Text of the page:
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The governor of Kansas last week vetoed a school-finance measure worked out after several weeks of dispute between House and Senate members.

Originally, the House--and Gov. John Carlin--favored a bill that would have set state-aid levels for three years and would have maintained state-imposed limits on growth in school districts' budgets.

The three-year plan was dropped after some legislators objected that it would deprive future legislatures of their authority to appropriate state funds. And the Senate removed the budget caps from the bill.

After a conference committee failed to resolve the differences between the House and Senate versions, the House agreed early last week to drop the budget limits, which have been in effect for 16 years to promote equalization in per-pupil expenditures among the state's school districts.

But Governor Carlin vetoed the measure because he considers it "unsound public policy" to allow wealthy school districts unlimited growth, a spokesman said.

The Governor is now supporting a new House bill similar to the original.

It would allow state aid to be set for more than one year at a time and would impose budget caps of 7 percent for wealthy districts and 14 percent for poorer districts.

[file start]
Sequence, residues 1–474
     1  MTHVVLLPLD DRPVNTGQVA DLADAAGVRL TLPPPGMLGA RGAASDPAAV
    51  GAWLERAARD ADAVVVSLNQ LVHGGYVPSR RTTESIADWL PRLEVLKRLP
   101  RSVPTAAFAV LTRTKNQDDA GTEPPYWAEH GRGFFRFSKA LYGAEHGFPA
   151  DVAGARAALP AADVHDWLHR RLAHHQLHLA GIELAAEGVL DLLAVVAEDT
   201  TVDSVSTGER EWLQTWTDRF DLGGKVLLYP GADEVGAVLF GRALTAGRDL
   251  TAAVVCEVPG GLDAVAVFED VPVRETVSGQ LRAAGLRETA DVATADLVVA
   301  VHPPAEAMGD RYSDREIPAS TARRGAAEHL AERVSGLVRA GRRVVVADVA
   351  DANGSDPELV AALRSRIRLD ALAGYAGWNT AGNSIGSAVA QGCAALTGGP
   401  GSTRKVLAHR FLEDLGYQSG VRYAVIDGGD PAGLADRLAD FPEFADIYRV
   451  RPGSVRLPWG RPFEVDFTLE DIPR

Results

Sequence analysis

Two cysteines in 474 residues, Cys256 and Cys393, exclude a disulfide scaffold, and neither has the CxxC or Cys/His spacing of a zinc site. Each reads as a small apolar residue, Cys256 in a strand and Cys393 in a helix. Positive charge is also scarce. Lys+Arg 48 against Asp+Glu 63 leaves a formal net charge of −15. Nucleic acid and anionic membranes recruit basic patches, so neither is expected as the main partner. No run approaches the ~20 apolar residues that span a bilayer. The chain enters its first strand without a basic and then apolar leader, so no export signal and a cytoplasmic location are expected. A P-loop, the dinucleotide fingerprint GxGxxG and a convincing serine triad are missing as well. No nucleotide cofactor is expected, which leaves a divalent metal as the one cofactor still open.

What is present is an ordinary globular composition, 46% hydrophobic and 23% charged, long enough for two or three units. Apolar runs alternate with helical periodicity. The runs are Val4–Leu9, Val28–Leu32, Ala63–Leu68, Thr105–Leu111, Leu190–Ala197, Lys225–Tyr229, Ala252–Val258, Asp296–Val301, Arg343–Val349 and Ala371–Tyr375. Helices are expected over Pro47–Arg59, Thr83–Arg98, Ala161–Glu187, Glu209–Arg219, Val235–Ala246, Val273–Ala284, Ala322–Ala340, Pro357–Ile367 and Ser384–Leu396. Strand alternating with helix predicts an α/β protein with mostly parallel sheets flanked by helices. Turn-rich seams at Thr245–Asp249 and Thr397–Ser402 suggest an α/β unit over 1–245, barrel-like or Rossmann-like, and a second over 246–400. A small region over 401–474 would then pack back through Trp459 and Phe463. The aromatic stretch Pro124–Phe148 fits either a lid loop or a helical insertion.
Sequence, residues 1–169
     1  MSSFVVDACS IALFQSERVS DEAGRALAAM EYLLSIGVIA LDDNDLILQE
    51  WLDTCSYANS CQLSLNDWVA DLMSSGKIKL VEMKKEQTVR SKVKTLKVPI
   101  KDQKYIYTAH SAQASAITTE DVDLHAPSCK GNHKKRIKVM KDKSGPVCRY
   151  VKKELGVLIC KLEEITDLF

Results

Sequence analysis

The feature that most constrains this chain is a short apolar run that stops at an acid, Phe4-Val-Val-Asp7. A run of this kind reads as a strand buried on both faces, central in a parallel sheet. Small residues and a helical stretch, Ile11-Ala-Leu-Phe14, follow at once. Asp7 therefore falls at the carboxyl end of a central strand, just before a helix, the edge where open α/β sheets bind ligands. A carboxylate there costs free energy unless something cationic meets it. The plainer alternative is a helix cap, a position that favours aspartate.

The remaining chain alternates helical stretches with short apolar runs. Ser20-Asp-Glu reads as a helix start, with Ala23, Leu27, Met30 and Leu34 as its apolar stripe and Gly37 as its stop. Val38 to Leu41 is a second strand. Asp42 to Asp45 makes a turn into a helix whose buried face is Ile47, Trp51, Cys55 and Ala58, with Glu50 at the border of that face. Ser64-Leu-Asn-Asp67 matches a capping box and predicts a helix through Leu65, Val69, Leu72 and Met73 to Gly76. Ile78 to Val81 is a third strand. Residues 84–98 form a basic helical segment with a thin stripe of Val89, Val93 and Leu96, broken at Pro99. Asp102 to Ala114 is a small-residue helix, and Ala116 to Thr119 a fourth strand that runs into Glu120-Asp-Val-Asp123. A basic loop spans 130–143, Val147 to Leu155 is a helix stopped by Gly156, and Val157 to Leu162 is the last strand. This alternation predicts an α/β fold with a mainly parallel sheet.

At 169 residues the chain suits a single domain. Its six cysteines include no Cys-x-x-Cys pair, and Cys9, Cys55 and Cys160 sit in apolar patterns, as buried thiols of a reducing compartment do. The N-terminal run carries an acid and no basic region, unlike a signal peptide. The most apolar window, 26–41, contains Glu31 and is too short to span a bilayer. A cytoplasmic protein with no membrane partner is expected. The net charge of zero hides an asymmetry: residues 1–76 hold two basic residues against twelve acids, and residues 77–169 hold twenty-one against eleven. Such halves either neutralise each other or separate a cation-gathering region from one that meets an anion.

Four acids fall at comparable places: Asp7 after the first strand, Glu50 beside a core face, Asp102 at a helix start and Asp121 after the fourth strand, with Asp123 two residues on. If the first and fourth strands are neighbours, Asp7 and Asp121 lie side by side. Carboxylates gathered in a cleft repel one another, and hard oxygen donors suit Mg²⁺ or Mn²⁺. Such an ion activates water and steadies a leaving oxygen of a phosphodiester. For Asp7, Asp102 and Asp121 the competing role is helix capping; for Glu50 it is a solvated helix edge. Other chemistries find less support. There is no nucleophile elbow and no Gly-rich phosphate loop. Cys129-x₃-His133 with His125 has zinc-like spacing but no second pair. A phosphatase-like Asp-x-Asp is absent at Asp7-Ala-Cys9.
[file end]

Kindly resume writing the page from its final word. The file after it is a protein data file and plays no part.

The veto has held up local school boards' fiscal planning for 1982-83, the Governor's spokesman said, but he added, "That's not abnormal. We go through this every year. That's why we want multi-year funding.''

The New York legislature last week voted to increase state aid to schools by $306 million, to $4.5 billion.

But the legislature's plan would give only modest increases during the next school year to poor school systems, while restoring aid to wealthy suburban districts that faced sharp cuts under a plan advanced recently by Gov. Hugh L. Carey.

Governor Carey had proposed a $742-million increase in state school aid, to be financed by a 1-percent increase in the state's sales tax. The legislature is opposed to increasing the state sales tax.

In an attempt to equalize the amount school districts around the state spend on education, Governor Carey had proposed that no aid be given to the 60 wealthiest of the state's 712 school districts.

The state has asked the Court of Appeals, the state's highest court, to overturn lower-court decisions holding that New York's school-finance system is unconstitutional. Three lower courts have found the current system unacceptable because it allows per-pupil expenditures to become largely a function of local property wealth.

It is uncertain whether the Governor will sign the school-aid legislation.

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